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robertogreco : florilegium   5

David Skok: Aggregation is deep in journalism’s DNA » Nieman Journalism Lab
"Henry Luce’s Time started as a full-fledged aggregator almost 89 years ago.

A quick visit to the library confirmed his statements. Sure enough, all 29 pages of the black and white weekly — its signature red-border cover not yet developed — were packed with advertisements and aggregation. This wasn’t just rewrites of the week’s news; it was rip-and-read copy from the day’s major publications — The Atlantic Monthly, The Christian Science Monitor, and the New York World, to name a few."

"Because new-market disruptions initially attract those that aren’t traditional consumers of The New York Times or the Wall Street Journal, these incumbent organizations feel little pain or threat. So they stay the course on content, competing on “quality” against these new-market disruptors."

"We’ve been here before. The question is not, how aggregation is ruining journalism, but how traditional journalism will respond to the aggregation."
via:allentan  nothingnewunderthesun  newmedia  magazines  news  huffingtonpost  buzzfeed  1923  davidskok  disruption  history  timemagazine  2012  florilegium  curation  journalism  aggregation 
january 2012 by robertogreco
old paradigms for a new mode « savasavasava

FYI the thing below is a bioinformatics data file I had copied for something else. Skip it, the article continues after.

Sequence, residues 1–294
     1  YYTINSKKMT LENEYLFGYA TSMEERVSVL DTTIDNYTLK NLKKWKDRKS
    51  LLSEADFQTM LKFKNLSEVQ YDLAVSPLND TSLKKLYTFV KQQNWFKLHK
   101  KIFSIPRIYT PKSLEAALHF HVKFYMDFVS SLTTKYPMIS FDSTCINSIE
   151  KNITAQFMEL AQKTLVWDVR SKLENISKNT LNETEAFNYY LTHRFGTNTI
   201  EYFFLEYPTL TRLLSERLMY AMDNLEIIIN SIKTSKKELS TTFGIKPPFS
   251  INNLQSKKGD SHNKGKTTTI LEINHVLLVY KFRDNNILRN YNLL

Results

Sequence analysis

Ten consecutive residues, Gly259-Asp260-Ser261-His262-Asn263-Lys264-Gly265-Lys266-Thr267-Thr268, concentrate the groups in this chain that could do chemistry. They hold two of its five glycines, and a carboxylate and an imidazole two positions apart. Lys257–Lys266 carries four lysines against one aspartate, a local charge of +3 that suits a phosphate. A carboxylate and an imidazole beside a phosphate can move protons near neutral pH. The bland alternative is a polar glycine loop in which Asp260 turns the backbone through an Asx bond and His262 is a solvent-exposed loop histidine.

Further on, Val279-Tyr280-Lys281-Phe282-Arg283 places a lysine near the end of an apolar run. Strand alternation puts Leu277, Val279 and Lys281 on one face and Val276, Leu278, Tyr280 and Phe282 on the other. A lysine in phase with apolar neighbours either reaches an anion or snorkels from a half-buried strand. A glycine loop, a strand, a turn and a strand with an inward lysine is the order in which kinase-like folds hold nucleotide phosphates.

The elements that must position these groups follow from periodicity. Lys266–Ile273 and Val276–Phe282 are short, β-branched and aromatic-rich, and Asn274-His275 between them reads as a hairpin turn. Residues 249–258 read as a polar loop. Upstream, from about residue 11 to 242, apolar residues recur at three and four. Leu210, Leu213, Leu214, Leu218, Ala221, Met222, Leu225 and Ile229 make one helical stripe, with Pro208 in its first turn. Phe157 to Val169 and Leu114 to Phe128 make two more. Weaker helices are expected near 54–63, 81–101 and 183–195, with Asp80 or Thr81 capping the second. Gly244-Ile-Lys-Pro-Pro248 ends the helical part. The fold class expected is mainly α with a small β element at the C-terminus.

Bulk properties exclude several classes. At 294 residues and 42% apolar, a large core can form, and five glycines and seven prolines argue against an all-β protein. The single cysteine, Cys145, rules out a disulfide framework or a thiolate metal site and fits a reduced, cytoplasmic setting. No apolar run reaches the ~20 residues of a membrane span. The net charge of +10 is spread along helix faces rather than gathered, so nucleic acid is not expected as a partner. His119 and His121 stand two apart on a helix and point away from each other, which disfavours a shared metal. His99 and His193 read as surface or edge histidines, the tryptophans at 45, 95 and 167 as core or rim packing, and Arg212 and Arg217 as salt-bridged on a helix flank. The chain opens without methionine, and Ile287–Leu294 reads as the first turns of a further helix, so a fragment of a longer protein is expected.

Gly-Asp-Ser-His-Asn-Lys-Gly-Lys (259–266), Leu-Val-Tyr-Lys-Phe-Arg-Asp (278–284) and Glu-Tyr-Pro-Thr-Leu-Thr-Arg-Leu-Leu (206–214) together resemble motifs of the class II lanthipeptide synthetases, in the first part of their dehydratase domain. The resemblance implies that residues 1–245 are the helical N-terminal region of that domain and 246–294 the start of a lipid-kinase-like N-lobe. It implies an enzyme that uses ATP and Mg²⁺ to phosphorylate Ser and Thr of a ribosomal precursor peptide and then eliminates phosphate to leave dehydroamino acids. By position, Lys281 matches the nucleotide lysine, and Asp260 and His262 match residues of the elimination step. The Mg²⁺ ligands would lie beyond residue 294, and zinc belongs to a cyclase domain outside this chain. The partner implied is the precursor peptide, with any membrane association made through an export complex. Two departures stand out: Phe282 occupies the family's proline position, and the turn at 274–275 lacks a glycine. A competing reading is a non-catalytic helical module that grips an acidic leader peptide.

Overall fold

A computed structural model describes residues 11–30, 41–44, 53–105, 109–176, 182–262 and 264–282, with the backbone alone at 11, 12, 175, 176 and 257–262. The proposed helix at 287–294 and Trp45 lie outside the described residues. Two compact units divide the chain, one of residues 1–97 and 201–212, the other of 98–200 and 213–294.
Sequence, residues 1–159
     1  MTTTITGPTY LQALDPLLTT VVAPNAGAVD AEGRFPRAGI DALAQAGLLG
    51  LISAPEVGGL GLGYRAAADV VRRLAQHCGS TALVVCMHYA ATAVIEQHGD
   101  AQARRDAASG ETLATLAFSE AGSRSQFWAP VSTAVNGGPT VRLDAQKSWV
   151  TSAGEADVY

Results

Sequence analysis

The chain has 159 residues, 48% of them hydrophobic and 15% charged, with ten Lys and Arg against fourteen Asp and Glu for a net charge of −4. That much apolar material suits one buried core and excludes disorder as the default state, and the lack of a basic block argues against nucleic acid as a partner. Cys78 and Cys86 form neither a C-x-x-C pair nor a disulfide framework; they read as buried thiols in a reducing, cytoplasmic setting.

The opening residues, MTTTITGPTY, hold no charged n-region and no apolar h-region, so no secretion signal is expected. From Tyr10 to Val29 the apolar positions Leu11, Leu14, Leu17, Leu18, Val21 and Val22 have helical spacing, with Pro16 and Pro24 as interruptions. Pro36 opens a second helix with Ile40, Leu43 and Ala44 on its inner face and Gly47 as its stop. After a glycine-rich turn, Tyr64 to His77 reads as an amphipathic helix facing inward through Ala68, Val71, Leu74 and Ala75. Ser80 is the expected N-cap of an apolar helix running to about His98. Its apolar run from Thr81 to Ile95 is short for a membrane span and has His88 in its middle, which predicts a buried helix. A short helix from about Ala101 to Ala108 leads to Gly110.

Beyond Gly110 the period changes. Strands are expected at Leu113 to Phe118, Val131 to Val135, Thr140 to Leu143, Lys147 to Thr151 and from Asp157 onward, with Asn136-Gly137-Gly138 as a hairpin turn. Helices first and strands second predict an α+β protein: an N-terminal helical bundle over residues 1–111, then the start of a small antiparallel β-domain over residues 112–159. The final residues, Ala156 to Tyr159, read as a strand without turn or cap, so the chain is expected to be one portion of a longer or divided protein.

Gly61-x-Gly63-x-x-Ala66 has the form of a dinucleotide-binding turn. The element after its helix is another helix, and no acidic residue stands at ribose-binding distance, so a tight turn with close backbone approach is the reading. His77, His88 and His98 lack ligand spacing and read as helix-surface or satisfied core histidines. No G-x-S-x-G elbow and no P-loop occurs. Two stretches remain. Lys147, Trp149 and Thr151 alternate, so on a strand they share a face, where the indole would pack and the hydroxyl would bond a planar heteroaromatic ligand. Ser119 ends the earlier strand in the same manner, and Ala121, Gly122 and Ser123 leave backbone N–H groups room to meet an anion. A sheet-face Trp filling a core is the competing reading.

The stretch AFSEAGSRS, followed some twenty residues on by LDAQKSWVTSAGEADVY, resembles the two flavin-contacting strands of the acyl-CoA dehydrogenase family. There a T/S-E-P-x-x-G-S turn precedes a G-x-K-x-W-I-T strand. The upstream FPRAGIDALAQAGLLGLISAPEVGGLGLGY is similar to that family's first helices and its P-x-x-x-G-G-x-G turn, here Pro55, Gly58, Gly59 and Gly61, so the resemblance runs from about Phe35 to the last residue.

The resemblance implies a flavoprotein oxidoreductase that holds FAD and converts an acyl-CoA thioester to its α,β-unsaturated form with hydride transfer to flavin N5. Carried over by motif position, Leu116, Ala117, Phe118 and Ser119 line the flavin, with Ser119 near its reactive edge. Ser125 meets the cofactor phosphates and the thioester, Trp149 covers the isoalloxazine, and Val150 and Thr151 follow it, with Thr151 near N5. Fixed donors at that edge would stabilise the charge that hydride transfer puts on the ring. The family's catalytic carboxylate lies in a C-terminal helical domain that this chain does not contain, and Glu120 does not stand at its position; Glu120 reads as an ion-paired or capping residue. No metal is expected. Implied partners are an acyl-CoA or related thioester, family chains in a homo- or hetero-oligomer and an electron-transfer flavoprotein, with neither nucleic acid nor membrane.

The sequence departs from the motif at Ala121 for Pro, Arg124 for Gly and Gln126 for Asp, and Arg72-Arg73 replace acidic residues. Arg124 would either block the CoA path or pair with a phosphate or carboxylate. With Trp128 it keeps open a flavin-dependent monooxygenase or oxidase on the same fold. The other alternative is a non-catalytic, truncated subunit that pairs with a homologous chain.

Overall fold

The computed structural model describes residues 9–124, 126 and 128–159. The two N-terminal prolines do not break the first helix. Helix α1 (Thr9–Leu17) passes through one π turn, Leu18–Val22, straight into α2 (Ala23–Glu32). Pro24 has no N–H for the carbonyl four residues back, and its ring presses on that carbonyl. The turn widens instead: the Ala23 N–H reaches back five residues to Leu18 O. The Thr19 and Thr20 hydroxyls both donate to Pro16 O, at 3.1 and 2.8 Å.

"Blair talks about an interesting concept: florilegium.

“… which, rather than summarizing, selected the best passages or “flowers” from authoritative sources.”

Tweets can be thought of as forced florilegium – the constraint of 140 characters forces us to distill the important or best information (our own or from others) and share it. the idea that each tweet is a specially picked flower puts the onus on the author of the tweet to be trusted to have picked the ‘best flower’ to share. this also points to the role of curator that individuals often play – we choose what to tweet based on how we would like ourselves and the communities we are affiliated with to be represented."

…Twitter allows for varied forms of note-taking, some covered by Blair, but also beyond those examples partly because of the affordances of the new tools. a type of collaborative note-taking manifests in the ‘chat’ communities on Twitter during their scheduled meetings…"

[See the comments too.]
2012  notes  florilegium  summarization  annotation  sharing  notetaking  archiving  quotes  cv  twitter  savasaheli 
january 2012 by robertogreco
What constitutes a “bloggy sensibility”? | Argo, the Blog
"They’ve got voice.…

They cut to the chase…

Distillation, synthesis and hierarchy are all prized qualities in online writing. Where a newspaper story might demand a narrative transition, readers on the Web are perfectly all right with bullet points. Great long-form writers package mountains of information into an elegantly shaped, smooth and flowing story. Great bloggers, on the other hand, unpack complex information into discrete points and lay those out in concise and orderly fashion. If he weren’t busy being President, I imagine Barack Obama would have made a terrific blogger. Danah Boyd is an extraordinarily nuanced thinker, yet her writings and speeches are marvelously easy to parse… [Quoted here: http://contentsmagazine.com/articles/field-report-project-argo/ ]